By Senator John F. Keenan, Massachusetts Senate
On March 16, 2016, Governor Charlie Baker signed into law a comprehensive drug abuse prevention bill that made Massachusetts the first state in the nation to require drug companies to fund and manage a safe disposal program for unwanted medications. Massachusetts Senator John F. Keenan was the first to introduce the drug take-back portion of this bill to the MA legislature, and acted as an influential proponent of its inclusion in the final law. Below, Senator Keenan cautions us to stay vigilant to PhRMA’s attempts to skirt the law’s intended purpose.
You would think that a group that helped create the opioid epidemic, which certainly has profited from it, and which is acknowledging that its products continue to fuel the epidemic, would offer more to help solve the epidemic than a catchy phrase, a website and a complete abrogation of playing any role in cleaning up the mess.
Yet, that’s what a newly formed group called “My Old Meds” has done. The sponsor of this group is the Pharmaceutical Research and Manufacturers of America (PhRMA), made up of representatives of the pharmaceutical industry. Some of these people and the firms they represent are making a lot of money from the sale of prescription painkillers, firms like Purdue Pharma, the people who brought us OxyContin and, more recently, OxyContin for kids.
“My Old Meds” recently brought their message to Massachusetts, advising that unused drugs are often diverted and become fuel for the opioid epidemic, and that old meds should therefore be disposed of at home in the trash or at government sponsored drug disposal sites.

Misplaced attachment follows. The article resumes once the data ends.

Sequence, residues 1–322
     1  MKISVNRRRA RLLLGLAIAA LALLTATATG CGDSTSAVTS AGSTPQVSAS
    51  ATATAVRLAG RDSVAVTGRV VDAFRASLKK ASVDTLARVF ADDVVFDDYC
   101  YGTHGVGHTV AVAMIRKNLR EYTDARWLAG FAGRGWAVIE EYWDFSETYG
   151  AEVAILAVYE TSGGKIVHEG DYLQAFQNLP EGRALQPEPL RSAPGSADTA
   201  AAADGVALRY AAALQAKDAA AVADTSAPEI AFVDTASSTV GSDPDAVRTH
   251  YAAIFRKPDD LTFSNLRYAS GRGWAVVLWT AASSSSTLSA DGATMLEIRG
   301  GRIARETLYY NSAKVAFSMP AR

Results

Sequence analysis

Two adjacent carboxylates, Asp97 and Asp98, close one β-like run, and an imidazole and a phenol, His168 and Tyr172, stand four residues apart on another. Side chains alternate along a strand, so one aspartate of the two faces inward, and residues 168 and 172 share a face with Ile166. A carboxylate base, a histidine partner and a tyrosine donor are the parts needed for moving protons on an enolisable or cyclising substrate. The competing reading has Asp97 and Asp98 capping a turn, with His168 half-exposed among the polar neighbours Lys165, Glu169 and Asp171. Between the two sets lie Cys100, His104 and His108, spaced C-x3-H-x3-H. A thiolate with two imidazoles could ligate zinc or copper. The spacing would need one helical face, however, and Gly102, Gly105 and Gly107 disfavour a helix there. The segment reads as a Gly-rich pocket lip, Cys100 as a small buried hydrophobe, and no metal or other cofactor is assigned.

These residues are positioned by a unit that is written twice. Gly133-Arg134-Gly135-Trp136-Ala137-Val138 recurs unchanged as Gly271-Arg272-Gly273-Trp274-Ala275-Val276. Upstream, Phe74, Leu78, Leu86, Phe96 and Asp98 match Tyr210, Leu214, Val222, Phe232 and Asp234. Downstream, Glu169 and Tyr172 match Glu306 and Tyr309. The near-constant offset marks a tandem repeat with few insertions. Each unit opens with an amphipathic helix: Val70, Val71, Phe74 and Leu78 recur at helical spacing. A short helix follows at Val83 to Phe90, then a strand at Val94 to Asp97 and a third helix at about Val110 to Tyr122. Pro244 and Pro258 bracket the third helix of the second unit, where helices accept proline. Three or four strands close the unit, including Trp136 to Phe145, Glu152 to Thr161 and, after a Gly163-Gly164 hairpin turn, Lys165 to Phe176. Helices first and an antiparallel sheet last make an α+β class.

In so advising, the sponsors of “My Old Meds” attempted to wash their hands of any responsibility for the disposal of unused medications, and place it instead on the patient and the taxpayer. Their theory: sell more pills than people need, reap the profits, then make others pay for the cleanup.
Their message was strategically timed, just as Massachusetts was considering legislation to require that pharmaceutical companies themselves become responsible for funding and operating a take-back and disposal program for unused pills. The industry was very comfortable with the arrangement of the past, watching their balance sheets grow in step with the excessive number of pills sold while communities scrambled to address the resulting opioid epidemic. That’s why they introduced their catchy phrase and website. They wanted to appear to be helpful, to convince us that no real change was necessary.
The Massachusetts Legislature was not fooled. We can be proud now of becoming the first state in the nation to require a pharmaceutical product stewardship program.
But now we must expect PhRMA’s campaign for in-home, patient and community funded disposal to continue. They will “educate” the public that they can spend their own money to buy cat litter or other carbon products that make pills “safe” for disposal, or that pills can simply be flushed into our water systems.
We must be vigilant. The new law allows the Massachusetts Department of Public Health to design an alternative stewardship plan, in which manufacturers will be allowed to participate rather than fund and operate their own programs. We must work to prevent the industry from influencing the regulatory process. We cannot let them seek regulations that set a low bar for industry responsibility, and that maximize the share of responsibility falling back onto public systems. We must work to ensure that the Department’s program is robust and effective, not a back door that lets manufacturers again step away from responsibility for safe stewardship of unused medications.
We have taken an important first step, but we must continue to fend off the message that manufacturer responsibility can be satisfied with a slogan and website.
Senator Keenan wrote a follow-up piece related to National Take-Back Day on MassLive. Learn more about Senator Keenan by visiting his website. Please feel free to contact Vivian Futran Fuhrman, PSI’s pharmaceuticals lead, with comments and questions (617-236-4771), or visit the PSI pharmaceuticals webpage for more information.